Most of you will find that on the posttest the program group scored higher on average than the comparison group did. If you were conducting this study, you might conclude that although the matched groups start out with equal pretest averages, they differ on the posttest. In fact, you would be tempted to conclude that the program is successful because the program group scored higher than the comparison group on the posttest. But something is obviously wrong here--you never put in a program effect! Therefore, the posttest difference that you are finding must be wrong.

To discover what is wrong you will plot the data in Table 5-2 in a new way. Look at Figure 5-4 labeled "Pair-Link Diagram". Starting with only the comparison persons in Table 5-2, draw a straight line between the pretest and posttest scores of each person. Do the lines tend to go up, down, or stay the same from pretest to posttest? Next, using a different colored pen, draw the lines for the program group persons in Table 5-2. In which direction do these lines go? You should find that most of the program group lines go down while most of the comparison group lines go up from pretest to posttest. As a result of what you have seen, you should be convinced of the following:


Why do regression artifacts occur? We can get some idea by looking at a pair-link diagram for the entire set of 50 persons in the original Generating Data exercise. Draw the pair-links for each of the 50 persons of Table 1-1 on Figure 5-5. Recall that for this original set of data we had only one group (i.e., no program and comparison group), no selection biases and no program effects. You should be convinced of the following:


Regression Artifacts
Table 5-1
1
2
3
4
5
6
7
Person
Pretest
X
from
Table 1-1
Pretest
Group
Difference
Pretest
(X) for
Regression Artifacts
Posttest
Y
from
Table 1-1
Posttest
Group
Difference
Posttest
(Y) for
Regression Artifacts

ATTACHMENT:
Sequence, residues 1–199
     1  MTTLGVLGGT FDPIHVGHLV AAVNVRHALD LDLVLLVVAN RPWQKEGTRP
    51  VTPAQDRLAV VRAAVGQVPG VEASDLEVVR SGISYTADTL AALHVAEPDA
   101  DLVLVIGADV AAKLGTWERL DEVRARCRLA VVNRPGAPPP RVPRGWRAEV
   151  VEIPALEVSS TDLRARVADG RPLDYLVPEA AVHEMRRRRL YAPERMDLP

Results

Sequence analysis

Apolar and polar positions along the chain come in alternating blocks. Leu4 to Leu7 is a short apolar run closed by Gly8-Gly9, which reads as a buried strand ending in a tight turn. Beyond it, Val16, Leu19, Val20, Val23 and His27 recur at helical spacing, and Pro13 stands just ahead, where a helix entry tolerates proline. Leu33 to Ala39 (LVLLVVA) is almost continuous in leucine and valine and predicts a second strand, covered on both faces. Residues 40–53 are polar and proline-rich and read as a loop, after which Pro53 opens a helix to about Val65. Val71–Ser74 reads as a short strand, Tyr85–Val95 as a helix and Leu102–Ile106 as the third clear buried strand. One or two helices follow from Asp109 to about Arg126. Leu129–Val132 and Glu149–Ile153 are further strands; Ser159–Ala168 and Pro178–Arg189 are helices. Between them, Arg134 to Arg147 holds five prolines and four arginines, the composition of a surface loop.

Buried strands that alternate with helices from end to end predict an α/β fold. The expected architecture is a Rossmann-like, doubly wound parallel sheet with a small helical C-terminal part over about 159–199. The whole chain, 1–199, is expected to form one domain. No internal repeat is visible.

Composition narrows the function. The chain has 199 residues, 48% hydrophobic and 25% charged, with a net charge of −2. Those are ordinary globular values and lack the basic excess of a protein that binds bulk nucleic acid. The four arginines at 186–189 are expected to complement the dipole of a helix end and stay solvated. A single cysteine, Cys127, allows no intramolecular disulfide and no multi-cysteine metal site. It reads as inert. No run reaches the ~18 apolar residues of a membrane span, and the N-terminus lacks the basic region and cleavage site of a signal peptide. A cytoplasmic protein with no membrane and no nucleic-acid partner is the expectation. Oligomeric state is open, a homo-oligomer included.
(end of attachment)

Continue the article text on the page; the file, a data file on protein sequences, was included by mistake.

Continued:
1
 
5
  
5
 
2
 
5
  
5
 
3
 
5
  
5
 
4
 
5
  
5
 
5
 
5
  
5
 
6
 
5
  
5
 
7
 
5
  
5
 
8
 
5
  
5
 
9
 
5
  
5
 
10
 
5
  
5
 
11
 
5
  
5
 
12
 
5
  
5
 
13
 
5
  
5
 
14
 
5
  
5
 
15
 
5
  
5
 
16
 
5
  
5
 
17
 
5
  
5
 
18
 
5
  
5
 
19
 
5
  
5
 
20
 
5
  
5
 
21
 
5
  
5
 
22
 
5
  
5
 
23
 
5
  
5
 
24
 
5
  
5
 
25
 
5
  
5
 

Regression Artifacts
Table 5-1
(cont.)
1
2
3
4
5
6
7
Person
Pretest
X
from
Table 1-1
Pretest
Group
Difference
Pretest
(X) for
Regression Artifacts
Posttest
Y
from
Table 1-1
Posttest
Group
Difference
Posttest
(Y) for
Regression Artifacts
26
 
0
  
0
 
27
 
0
  
0
 
28
 
0
  
0
 
29
 
0
  
0
 
30
 
0
  
0
 
31
 
0
  
0
 
32
 
0
  
0
 
33
 
0
  
0
 
34
 
0
  
0
 
35
 
0
  
0
 
36
 
0
  
0
 
37
 
0
  
0
 
38
 
0
  
0
 
39
 
0
  
0
 
40
 
0
  
0
 
41
 
0
  
0
 
42
 
0
  
0
 
43
 
0
  
0
 
44
 
0
  
0
 
45
 
0
  
0
 
46
 
0
  
0
 
47
 
0
  
0
 
48
 
0
  
0
 
49
 
0
  
0
 
50
 
0
  
0
 

Regression Artifacts
Figure 5-1

Regression Artifacts
Figure 5-2

Regression Artifacts
Figure 5-3

Table 5-2
Matched Cases from Table 5-1
1
2
3
4
5
6
Comparison Group Person Number
Pretest X from Table 5-1
Posttest Y from Table 5-1
Program Group Person Number
Pretest X from Table 5-1
Posttest Y from Table 5-1
       
       
       
       
       
       
       
       
       
       
       
       
       
       
       
       
       
       
       
       
       
       
       
       
       
       
       
       
       
       
       
       
       
       
       
 
Comparison Group
Pretest Average=
Comparison Group
Posttest Average=
 
Program
Group Pretest
Average=
Program
Group Posttest
Average=

Regression Artifacts
Figure 5-4
Pair-Link Diagram

Regression Artifacts
Figure 5-5
Pair-Link Diagram


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Copyright 1996, William M.K. Trochim